Mystery Surrounds Abandonment of 140 Cats in Abu Dhabi Desert, Prompting Outrage and Investigations

ABU DHABI, UAE – In a shocking incident that has sparked outrage from international animal rights organizations and triggered an official government investigation, a group of concerned United Arab Emirates residents stumbled upon over 140 cats abandoned in a barren desert lot near the capital, Abu Dhabi.

Cats of various breeds, including non-native Persians, were found left to fend for themselves in dire conditions. Some were trapped in carriers, while others roamed the desolate landscape without access to food, shelter, or water. Chiku Shergill, a resident of Abu Dhabi who joined the rescue mission, recounted the grim discovery.

The forsaken felines were discovered across the highway from the government-operated Abu Dhabi Animal Shelter in al Falah, a residential area in the city. The shelter, when approached for comment, claimed to be unaware of the incident and declined further statements.

Rescuers have tallied a heartbreaking 50 deceased cats in the lot, while they managed to save 95 of the animals since the distressing find on September 28. Additionally, a golden retriever was rescued, but tragically, a husky was found lifeless. Some of the cats had microchips, indicating that they likely were not strays.

The relentless heat of the Abu Dhabi desert, where temperatures in September can soar to as high as 40.5°C (105°F), makes this abandonment even more appalling. International animal rights organizations and activists have expressed their vehement condemnation of this heart-wrenching episode.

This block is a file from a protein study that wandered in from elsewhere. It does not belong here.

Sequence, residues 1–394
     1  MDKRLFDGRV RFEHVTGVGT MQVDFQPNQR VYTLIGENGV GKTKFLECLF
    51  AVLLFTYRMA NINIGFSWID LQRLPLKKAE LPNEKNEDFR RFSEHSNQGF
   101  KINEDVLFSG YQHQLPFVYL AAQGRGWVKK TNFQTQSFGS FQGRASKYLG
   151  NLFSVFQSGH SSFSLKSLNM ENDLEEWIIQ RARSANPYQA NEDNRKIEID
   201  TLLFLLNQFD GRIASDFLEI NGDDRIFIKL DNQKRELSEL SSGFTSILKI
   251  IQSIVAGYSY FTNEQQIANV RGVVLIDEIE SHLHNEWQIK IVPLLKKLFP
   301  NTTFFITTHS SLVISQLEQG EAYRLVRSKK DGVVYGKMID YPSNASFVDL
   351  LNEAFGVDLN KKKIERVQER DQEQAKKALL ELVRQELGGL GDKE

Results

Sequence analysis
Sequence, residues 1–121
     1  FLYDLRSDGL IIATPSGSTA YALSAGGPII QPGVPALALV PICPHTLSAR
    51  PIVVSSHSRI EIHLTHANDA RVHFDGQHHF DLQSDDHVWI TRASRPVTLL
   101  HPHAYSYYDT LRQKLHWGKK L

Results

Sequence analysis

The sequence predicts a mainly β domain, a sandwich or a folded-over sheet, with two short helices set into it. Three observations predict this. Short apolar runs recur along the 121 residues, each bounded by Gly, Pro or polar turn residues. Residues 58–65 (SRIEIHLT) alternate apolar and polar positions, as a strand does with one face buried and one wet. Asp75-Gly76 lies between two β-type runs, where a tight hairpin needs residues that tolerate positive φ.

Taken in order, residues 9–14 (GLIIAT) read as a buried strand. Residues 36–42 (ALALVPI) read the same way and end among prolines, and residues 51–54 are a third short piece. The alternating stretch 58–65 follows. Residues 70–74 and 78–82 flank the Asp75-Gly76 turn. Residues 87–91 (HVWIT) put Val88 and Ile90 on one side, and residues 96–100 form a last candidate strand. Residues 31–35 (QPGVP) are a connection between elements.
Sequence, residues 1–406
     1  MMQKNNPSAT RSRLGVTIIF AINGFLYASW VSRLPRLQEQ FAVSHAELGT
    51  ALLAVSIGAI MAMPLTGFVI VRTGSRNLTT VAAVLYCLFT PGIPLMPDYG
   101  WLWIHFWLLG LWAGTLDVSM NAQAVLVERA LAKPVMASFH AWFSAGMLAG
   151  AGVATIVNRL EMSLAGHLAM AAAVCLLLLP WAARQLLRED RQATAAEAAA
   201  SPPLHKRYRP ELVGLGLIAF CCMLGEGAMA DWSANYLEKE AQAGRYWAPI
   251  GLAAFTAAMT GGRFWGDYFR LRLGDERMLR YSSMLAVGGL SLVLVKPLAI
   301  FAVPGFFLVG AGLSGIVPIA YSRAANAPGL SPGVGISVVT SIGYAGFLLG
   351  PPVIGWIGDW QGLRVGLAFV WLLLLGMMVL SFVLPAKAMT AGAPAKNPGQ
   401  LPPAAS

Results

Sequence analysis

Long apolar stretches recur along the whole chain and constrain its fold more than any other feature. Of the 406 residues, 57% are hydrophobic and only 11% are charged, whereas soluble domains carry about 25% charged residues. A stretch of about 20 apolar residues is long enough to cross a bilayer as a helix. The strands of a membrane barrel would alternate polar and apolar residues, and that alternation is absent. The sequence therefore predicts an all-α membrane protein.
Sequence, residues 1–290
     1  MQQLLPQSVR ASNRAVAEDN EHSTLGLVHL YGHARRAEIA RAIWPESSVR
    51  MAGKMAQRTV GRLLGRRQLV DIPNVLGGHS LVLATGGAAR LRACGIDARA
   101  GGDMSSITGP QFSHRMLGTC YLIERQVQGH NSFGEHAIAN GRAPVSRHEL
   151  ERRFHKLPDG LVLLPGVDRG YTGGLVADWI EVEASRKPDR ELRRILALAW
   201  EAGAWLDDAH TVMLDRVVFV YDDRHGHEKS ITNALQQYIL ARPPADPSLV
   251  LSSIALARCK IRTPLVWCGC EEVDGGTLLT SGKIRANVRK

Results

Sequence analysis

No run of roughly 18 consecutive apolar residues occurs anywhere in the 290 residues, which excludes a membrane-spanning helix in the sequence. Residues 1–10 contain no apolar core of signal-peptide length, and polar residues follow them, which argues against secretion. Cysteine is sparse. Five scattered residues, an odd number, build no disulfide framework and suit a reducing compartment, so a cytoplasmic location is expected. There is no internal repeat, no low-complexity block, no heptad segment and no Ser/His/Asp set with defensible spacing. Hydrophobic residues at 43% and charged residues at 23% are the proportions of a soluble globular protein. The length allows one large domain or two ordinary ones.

"People for the Ethical Treatment of Animals (PETA)," a prominent animal rights organization, has offered a substantial $5,000 reward for information leading to the identification of those responsible for "dumping these cats in the desert," as stated by Jason Baker, Vice-President of PETA Asia in a statement to CNN.

Baker stressed the importance of addressing the homeless-animal crisis through spaying, neutering, and adopting from shelters that are often overburdened and understaffed, an approach that PETA Asia has been advocating in the UAE for years.

Abu Dhabi's Department of Municipalities and Transport (DMT) has taken note of the severity of the situation and announced a thorough investigation into the incident. The DMT has urged the public to provide any pertinent information and is actively pursuing those accountable for this distressing act.

Dr. Katherine Polak, Vice President of Companion Animals at Humane Society International, expressed satisfaction with the authorities' commitment to addressing the issue, as reported by CNN.

A dedicated volunteer rescue team has been tirelessly working around the clock, with many taking time off from their regular jobs to save the abandoned cats, provide them with microchips, and find them loving homes, according to Shergill.

Remarkably, ten pet cats from Dubai, situated just an hour's drive from Abu Dhabi, were identified through microchips and subsequently reunited with their homes.

In 2008, Abu Dhabi initiated a Trap-Neuter-Return (TNR) program to manage feral and stray cat populations, primarily through the Abu Dhabi Animal Shelter. The program claims to adhere to "international animal welfare guidelines" and focuses on releasing trapped animals back to their original locations.

The distressing abandonment of cats in desert "dumping sites" is unfortunately not an isolated incident, as reported by the International Organization for Animal Protection (OIPA) in a statement. OIPA has been campaigning for the welfare of stray animals in the UAE for several years, shedding light on the pervasive nature of the issue in Abu Dhabi and Dubai.